All of the above examples are relevant in the Caribbean. Caribbean consumers and local businesses are also victims of Big Tech’s monopolisation of internet searches, advertising and e-commerce and this is damaging the economies of Caribbean countries and job prospects for people in the Caribbean.

Local Caribbean media and independent journalism are under threat from Facebook and Google in the same way that the media in Australia was threatened. If Big Tech refuse to pay for the content they use local journalism will not be able to survive and this has profound implications for democracy in the Caribbean.

Less visible to the public eye, Big Tech’s abuses are threatening the Internet itself. In Europe, the CEOs of the four largest mobile operators called on governments to oblige the Big Tech hyperscalers to pay towards the cost of the networks they use. This is needed to ensure that investment in 5G networks can proceed and emerging regions such as the Caribbean face an even greater challenge in securing investment for 5G.

Certainly Caribbean citizens may be entitled to billions of dollars in compensation, as their valuable personal data will also have been harvested without payment.

The investigations that have already taken place in other countries provide the ‘playbook’ that can guide how similar investigations can be undertaken in the Caribbean. For example, the competition authority in Australia (the ACCC) found that Facebook and Google are dominant on the market for digital advertising and were abusing this dominance by failing to pay newspapers in Australia for using their news content. It then required Facebook and Google to engage with the newspapers and pay for their content. As this market operates in a similar way worldwide, a competition authority in the Caribbean could follow the same process to protect newspapers here.

In the Caribbean, Jamaica is well placed to take the lead as it already has modern competition legislation in place with the Fair Competition Act and the Fair Trading Commission is a very well-established competition authority.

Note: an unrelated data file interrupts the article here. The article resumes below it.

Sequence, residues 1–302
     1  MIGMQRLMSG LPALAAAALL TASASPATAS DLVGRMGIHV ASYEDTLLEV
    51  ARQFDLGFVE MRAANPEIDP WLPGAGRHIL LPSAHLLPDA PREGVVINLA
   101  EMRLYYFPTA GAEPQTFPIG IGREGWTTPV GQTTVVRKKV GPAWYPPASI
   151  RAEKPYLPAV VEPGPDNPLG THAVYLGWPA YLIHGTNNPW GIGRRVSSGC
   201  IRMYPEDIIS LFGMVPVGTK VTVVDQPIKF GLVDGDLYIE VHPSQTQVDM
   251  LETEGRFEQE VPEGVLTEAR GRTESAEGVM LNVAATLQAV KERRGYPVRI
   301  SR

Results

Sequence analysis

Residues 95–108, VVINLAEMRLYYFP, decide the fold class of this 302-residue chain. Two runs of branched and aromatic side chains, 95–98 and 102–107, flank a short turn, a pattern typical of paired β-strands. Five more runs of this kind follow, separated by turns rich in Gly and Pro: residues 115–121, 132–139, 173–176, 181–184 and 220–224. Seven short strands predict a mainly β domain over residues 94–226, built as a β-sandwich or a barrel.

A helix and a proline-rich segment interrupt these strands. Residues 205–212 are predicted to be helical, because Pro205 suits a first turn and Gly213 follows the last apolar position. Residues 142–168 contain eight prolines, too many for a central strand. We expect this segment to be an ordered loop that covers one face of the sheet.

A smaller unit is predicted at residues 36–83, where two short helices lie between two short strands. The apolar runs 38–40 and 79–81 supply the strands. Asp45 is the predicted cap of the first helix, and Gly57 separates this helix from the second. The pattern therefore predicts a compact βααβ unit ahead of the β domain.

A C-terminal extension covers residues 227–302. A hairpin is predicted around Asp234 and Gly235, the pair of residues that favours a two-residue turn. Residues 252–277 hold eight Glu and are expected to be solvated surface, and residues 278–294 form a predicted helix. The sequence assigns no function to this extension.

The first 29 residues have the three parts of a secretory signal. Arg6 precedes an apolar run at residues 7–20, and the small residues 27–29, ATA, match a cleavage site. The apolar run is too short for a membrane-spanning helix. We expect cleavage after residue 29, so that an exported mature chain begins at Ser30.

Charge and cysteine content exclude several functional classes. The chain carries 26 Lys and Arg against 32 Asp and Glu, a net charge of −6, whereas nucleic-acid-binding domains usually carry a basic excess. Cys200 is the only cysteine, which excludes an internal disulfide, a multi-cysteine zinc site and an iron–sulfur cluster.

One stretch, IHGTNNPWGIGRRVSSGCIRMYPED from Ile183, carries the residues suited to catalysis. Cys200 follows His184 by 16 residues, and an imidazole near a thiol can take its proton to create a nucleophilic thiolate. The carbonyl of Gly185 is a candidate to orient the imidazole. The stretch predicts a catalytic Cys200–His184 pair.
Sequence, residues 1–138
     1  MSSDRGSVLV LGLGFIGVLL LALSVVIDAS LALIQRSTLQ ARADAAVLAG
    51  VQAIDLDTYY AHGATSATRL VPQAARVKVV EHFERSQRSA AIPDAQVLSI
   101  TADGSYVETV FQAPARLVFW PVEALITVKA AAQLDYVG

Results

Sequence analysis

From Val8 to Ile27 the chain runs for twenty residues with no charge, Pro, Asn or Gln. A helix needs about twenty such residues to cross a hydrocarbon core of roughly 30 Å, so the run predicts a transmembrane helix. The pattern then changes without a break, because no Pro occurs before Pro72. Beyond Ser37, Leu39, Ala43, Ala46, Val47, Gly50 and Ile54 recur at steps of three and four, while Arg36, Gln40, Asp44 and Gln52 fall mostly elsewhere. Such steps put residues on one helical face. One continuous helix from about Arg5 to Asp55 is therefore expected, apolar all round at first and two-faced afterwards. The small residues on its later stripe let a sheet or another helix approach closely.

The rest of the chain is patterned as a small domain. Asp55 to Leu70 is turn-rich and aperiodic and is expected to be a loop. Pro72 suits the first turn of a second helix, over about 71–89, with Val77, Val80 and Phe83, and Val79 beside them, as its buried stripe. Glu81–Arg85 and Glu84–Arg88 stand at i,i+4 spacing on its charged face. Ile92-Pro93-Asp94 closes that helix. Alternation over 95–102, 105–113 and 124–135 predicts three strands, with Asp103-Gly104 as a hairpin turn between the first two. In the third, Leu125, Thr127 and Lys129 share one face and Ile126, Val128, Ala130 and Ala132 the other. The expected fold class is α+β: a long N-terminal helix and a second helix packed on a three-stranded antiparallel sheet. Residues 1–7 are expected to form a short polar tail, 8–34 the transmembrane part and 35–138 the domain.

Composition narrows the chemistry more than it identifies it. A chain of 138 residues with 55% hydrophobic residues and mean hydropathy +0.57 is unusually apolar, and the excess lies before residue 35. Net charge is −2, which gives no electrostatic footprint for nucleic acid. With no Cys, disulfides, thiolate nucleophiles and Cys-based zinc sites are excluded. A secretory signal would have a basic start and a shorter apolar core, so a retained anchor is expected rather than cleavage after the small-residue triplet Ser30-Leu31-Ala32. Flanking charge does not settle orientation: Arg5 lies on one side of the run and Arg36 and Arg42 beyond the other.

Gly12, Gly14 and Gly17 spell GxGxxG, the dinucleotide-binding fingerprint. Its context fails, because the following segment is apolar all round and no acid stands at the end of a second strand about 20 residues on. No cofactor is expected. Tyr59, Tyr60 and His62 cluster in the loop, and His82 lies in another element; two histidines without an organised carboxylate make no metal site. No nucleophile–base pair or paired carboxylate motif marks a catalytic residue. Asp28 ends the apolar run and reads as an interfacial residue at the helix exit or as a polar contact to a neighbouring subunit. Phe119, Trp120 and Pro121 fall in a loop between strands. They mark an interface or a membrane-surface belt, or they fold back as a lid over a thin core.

Big Tech has remained immune from scrutiny in the region to date. If Caribbean authorities such as the Fair Trading Commission need extra resources to investigate Big Tech’s practices these should be allocated. Cooperation agreements with competition authorities in other jurisdictions such as Australia, the UK and the European Union could be formalised to enable the sharing of information, expertise and best practice.

The CARICOM Competition Commission, which supports competition authorities in the region, could also be given a mandate and resources to support the investigation of Big Tech across the Caribbean. It could serve as a centre of excellence where expertise on investigating Big Tech could be focused and perhaps it could be given a role to coordinate investigations across the region. The commission could also advise countries that do not yet have competition law provisions on how they could introduce these through new laws or by amending existing telecommunications legislation.

Investigations and enforcement action by the Fair Trading Commission, and competition authorities in other Caribbean nations, could make a real difference to how the Big Tech hyperscalers behave in the region, in particular if they are accompanied by the prospect of significant fines and personal consequences for key staff members of these companies.


The Internet does not belong to the Big Tech hyperscalers – it belongs to the people. Likewise, the Caribbean digital economy does not exist so that Big Tech can profit at all costs – it exists for the benefit of the Caribbean. New regulations in other jurisdictions provide examples of how Caribbean regulators can be empowered to tackle Big Tech’s abusive practices. The danger of failing to act is that abusive practices that are illegal in other parts of the world will continue unchecked in the Caribbean.

The development of new regulations will take time but, in the meantime, competition laws such as the Fair Trading Act in Jamaica provide a framework under which action can be taken to protect the interests of citizens and local businesses. There are a large number of competition law investigations and cases against Big Tech under way in other jurisdictions around the world. These demonstrate that it is possible to act now and provide guidance that Caribbean authorities can follow. By using local competition laws, Caribbean authorities can start to take action to ensure that the Caribbean is also protected against abusive behaviour by the Big Tech hyperscalers.

David Geary is legal adviser to Digicel Group. Send feedback to david.geary@digicelgroup.com or columns@gleanerjm.com